Franklin D. Roosevelt’s 22nd Visit to Georgia
November 20 - December 10, 1931
Roosevelt was able to return to Warm Springs for the annual Founder’s Dinner on Thanksgiving, but politics still dominated his correspondence. He did get in a brief note to Al Smith about the pleasant time he was having:
“. . . We are having grand weather. Eleanor, Jimmie and his wife, and Anna and her husband were all here for Thanksgiving. It was an awfully nice party. . . .” Source: Elliott Roosevelt (ed.), F.D.R.: His Personal Letters 1928-1945, (Duell, Sloan and Pearce, New York, 1950), p. 237-8.
Unfortunately the long time friendship between Smith and Roosevelt was about to be strained. Smith felt Roosevelt should have consulted him more on gubernatorial matters, plus Smith still harbored presidential aspirations of his own. The very day after Roosevelt penned the letter above, Atlanta Constitution editor and Roosevelt friend Clark Howell talked with Smith in New York, then reported the conversation to Roosevelt:
“...I had made an engagement with him [Smith] at 10:30 this morning, at his office in the Empire State. He seemed glad to see me. For a few minutes we indulged in generalities and then I got down to business, by telling him that my support of him ‘through thick and thin,’ and that Georgia’s attitude toward him in the past, warranted me in having a perfectly frank talk with him, and in asking him to be perfectly frank with me. He replied that no man in the South had stood by him better than I had—that he was grateful, and that he would deal perfectly frankly with me.
I then said—‘Governor, you hold in the palm of your hand the assurance of an overwhelming Democratic victory next year, or you are in a position where you could jeopardize the present prospect of sure success.’
‘How?’ said he. ‘By your attitude toward Franklin Roosevelt,’ I said. ‘With your support of him all opposition to him will vanish, and his nomination will be a mere formality. The country expects you to support him, and it will not believe that you can possibly do otherwise.’ ‘The hell I can’t,’ he said—‘but,’ continuing, ‘I do not mean that I will not support him. I am for the party first, above any man, and I will support the man who seems best for the party.’ I then went into detail to show him that no other possible candidate could give the party the same assurance of support as you could. ‘But you speak for the South,’ he said, and ‘you don’t understand the situation up here as I do.’ I told him that you would carry every Southern state, and that you would get perhaps three-fourths of the electoral votes of the states west of the Mississippi. ‘But that is not this section,’ he said. ‘With your support it is,’ I said, adding, ‘You know that with Roosevelt as the nominee it means New York, Massachusetts, Rhode Island, Connecticut and New Jersey.’ He said he ‘doubted’ it. . . .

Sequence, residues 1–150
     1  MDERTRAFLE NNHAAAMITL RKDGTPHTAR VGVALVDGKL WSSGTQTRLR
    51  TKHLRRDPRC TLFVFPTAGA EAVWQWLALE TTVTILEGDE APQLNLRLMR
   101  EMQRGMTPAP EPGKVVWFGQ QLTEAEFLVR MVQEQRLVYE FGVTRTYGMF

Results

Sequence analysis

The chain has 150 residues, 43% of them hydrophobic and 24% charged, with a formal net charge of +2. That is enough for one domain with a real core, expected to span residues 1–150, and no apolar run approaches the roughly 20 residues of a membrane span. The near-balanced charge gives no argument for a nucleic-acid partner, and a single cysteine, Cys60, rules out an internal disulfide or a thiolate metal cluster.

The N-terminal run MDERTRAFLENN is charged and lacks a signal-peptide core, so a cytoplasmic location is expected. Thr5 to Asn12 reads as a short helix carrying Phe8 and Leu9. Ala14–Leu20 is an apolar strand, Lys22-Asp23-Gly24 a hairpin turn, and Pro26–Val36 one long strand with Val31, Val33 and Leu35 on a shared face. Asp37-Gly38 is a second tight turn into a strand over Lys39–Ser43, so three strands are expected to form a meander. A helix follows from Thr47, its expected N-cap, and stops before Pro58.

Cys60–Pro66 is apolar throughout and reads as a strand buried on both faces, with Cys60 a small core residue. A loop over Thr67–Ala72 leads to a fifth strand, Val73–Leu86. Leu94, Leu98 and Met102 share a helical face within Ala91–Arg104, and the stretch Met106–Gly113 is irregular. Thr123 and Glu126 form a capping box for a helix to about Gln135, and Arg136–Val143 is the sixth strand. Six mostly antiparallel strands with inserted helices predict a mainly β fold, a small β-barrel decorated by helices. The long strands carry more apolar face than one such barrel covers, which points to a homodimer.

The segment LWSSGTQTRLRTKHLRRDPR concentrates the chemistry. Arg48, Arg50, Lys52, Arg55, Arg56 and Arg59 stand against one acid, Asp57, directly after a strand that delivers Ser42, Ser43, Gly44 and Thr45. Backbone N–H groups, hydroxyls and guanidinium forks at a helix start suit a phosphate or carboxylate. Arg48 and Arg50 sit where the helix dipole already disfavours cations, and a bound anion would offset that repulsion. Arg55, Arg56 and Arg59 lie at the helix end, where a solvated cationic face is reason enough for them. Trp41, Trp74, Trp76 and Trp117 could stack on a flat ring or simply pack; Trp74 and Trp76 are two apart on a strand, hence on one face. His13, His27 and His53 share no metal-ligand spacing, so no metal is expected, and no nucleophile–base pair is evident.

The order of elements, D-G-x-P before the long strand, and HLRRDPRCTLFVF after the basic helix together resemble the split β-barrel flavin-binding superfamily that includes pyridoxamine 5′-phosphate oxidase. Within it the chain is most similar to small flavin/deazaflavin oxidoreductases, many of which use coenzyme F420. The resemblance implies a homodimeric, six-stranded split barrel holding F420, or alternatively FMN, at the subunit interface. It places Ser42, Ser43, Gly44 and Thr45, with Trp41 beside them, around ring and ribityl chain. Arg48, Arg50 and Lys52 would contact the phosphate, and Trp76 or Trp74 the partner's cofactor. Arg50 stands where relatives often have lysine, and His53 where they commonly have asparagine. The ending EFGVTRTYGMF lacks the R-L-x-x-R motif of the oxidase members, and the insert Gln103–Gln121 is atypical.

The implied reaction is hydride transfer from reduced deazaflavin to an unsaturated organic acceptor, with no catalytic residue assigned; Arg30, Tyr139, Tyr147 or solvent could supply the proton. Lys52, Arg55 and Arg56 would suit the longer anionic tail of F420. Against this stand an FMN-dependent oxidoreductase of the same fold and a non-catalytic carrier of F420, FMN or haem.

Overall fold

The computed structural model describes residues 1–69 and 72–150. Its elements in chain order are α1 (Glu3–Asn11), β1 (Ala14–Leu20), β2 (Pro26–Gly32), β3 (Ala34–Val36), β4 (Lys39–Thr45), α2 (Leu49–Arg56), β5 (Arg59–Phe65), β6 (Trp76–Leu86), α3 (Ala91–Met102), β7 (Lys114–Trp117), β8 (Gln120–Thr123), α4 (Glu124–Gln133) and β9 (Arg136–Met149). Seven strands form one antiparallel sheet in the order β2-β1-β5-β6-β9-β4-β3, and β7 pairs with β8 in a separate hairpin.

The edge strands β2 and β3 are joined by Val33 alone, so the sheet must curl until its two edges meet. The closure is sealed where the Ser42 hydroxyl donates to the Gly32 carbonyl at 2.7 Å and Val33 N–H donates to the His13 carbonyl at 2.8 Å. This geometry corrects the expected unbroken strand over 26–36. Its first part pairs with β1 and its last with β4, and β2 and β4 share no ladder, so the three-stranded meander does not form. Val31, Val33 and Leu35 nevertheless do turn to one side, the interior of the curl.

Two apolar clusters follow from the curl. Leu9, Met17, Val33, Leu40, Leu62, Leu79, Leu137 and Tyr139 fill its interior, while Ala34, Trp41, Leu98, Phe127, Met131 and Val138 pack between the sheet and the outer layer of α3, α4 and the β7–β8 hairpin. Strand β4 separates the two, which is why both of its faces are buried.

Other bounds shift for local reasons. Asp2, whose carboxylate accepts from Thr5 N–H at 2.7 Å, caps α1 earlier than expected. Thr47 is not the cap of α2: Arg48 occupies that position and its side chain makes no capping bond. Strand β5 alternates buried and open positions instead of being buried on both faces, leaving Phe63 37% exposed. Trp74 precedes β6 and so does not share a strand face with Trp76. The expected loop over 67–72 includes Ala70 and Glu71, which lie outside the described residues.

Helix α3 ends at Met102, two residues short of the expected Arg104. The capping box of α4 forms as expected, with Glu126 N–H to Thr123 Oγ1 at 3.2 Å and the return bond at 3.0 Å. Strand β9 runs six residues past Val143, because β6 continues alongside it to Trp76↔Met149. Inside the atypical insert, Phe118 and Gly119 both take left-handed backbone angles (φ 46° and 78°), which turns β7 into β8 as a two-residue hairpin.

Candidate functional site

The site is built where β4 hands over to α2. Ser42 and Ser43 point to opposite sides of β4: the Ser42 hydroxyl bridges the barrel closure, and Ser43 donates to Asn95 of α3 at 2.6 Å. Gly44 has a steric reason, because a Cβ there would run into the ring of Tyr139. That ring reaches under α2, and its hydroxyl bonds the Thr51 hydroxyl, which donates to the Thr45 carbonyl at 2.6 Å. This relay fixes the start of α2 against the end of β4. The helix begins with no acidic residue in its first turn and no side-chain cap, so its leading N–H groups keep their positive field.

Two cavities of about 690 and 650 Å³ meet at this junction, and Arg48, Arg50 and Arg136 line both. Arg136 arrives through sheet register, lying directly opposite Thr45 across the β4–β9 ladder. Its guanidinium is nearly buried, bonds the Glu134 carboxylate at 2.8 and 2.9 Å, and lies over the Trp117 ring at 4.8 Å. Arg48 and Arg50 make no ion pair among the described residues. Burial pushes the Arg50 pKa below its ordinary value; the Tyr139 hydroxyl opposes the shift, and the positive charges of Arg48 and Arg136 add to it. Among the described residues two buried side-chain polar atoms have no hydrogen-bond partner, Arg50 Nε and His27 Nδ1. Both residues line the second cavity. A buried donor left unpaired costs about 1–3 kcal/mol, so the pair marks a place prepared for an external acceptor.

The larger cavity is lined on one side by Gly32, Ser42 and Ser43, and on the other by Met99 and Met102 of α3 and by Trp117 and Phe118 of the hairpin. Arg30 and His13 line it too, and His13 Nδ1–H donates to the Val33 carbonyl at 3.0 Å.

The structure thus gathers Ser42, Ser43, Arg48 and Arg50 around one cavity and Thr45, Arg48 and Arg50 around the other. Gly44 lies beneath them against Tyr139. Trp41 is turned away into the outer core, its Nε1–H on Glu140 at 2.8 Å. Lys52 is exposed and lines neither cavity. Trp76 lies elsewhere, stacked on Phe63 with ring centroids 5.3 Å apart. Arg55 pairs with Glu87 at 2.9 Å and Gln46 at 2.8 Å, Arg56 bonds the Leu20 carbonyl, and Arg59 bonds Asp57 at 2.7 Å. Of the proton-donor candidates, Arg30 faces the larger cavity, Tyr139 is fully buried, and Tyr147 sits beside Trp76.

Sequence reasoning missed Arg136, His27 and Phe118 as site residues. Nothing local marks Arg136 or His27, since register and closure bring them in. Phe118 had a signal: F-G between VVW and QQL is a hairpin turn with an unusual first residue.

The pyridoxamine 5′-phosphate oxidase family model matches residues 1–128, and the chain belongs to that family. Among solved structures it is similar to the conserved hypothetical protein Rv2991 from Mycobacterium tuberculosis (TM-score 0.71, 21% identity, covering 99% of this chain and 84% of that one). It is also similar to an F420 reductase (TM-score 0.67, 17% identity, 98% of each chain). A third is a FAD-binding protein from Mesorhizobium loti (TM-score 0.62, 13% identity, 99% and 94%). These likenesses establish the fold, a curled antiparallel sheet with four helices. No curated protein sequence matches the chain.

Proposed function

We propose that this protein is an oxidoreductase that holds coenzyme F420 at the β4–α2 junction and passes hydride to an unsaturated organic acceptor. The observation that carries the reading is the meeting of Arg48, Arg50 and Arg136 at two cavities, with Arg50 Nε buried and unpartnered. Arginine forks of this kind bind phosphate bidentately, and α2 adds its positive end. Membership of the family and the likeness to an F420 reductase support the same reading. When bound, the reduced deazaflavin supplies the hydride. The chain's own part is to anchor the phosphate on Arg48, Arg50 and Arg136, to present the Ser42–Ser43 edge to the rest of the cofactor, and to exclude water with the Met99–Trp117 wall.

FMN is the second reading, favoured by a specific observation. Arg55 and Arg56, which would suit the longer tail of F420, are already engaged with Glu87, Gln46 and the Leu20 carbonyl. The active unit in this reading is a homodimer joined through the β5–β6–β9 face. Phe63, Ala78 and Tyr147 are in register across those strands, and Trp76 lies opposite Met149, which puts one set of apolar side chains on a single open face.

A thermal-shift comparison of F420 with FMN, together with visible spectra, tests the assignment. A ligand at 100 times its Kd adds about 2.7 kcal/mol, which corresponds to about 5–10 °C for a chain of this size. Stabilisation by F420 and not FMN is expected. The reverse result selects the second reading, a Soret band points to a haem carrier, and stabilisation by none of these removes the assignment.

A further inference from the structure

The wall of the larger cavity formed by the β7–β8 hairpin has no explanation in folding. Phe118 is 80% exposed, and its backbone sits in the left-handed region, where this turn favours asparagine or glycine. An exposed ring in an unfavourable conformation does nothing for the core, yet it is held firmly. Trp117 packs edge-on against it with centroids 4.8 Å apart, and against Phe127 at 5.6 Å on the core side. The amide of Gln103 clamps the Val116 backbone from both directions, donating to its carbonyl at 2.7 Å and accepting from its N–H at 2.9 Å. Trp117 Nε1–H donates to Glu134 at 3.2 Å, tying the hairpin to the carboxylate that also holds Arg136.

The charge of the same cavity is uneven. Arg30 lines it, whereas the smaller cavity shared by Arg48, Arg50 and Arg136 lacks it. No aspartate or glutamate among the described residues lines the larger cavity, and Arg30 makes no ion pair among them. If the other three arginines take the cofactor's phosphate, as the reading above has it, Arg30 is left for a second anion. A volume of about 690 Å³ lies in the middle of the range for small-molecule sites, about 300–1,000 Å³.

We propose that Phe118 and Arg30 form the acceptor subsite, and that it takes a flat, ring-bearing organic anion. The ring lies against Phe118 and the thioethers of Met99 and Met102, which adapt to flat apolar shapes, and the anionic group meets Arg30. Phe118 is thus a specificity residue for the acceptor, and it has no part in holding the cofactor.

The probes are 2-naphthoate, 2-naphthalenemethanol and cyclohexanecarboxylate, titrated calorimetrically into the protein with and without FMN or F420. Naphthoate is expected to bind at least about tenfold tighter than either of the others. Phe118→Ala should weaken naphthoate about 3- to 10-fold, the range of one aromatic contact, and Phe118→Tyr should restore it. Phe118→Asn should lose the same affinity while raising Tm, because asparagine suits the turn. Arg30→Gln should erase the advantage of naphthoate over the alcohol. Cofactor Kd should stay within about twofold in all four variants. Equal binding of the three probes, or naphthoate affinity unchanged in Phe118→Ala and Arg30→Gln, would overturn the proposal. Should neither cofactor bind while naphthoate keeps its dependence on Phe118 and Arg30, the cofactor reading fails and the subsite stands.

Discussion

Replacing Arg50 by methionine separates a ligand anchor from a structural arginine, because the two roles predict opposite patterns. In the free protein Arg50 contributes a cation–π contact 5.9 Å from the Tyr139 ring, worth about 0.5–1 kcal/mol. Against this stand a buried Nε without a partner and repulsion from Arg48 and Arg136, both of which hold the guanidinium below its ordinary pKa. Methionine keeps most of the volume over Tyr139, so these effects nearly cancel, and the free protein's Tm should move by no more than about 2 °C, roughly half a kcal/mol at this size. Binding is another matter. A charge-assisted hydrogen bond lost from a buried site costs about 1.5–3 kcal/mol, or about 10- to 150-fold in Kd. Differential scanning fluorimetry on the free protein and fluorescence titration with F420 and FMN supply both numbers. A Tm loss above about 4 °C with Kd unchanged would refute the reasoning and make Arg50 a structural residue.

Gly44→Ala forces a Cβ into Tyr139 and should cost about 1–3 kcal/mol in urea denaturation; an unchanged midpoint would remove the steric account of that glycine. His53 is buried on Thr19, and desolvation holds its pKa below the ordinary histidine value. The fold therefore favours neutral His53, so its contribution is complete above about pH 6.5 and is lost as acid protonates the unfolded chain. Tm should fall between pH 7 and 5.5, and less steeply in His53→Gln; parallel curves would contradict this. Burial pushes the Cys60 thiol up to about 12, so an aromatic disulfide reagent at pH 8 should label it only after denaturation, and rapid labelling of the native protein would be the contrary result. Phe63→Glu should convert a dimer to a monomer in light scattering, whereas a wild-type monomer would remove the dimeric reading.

‘Governor,’ I then said, ‘is there any ground for personal hostility on your part against Roosevelt?’ ‘No,’ he said - ‘socially we are friends. He has always been kind to me and my family, and has gone out of his way to be agreeable to us at the Mansion at Albany, but’ - then he arose, stamped his foot, and said—‘Do you know, by God, that he has never consulted me about a damn thing since he has been Governor? He has taken bad advice and from sources not friendly to me. He has ignored me!’ And then with increased fervor, and slamming his fist on the table, he said—‘By God, he invited me to his house before he recently went to Georgia, and did not even mention to me the subject of his candidacy.’
I told him that you had been careful not to put yourself in the attitude of a candidate at this time, and I asked him if he had mentioned to you the subject of your candidacy. He said ‘no’ - that it was up to you to broach the subject, etc. . . .
[H]e insisted . . . that some of your ‘damn fool friends’ here were at work organizing and arranging for Roosevelt dinners, etc. and that they were doing you ‘more harm than good,’ etc. I told him that when he was a candidate his friends had gone much further, thus far in advance of the nomination than yours had now, and that thus far you had never said a word for the public as indicating your candidacy. ‘But the situation is different now,’ he said, though not indicating in what respect. He concluded by emphasizing that he was not committed for or against you—and that he was going to take his time before saying what he was going to do.
So there you have it! And I give it to you for what it is worth.
My recommendation is that you see him upon your return to New York and talk with him on the subject. I think it will go a long way toward getting him in line. By handling him diplomatically I believe he will come around all right. If he don’t, we will nominate you without his support. But of course it is best to have it. I will be in Atlanta Monday morning. All this, of course, confidential. . . .” Source: Elliott Roosevelt (ed.), F.D.R.: His Personal Letters 1928-1945, (Duell, Sloan and Pearce, New York, 1950), p. 229-32.
Smith did not “come around” as Howell had hoped. He [Smith] let it be known that he would accept the presidential nomination if offered, then when it was apparent he could not win he led the efforts to block Roosevelt’s nomination. The breach was never fully healed. Smith did speak on Roosevelt’s behalf in New England during the campaign, but it was for the good of the party only. The two were never close friends again.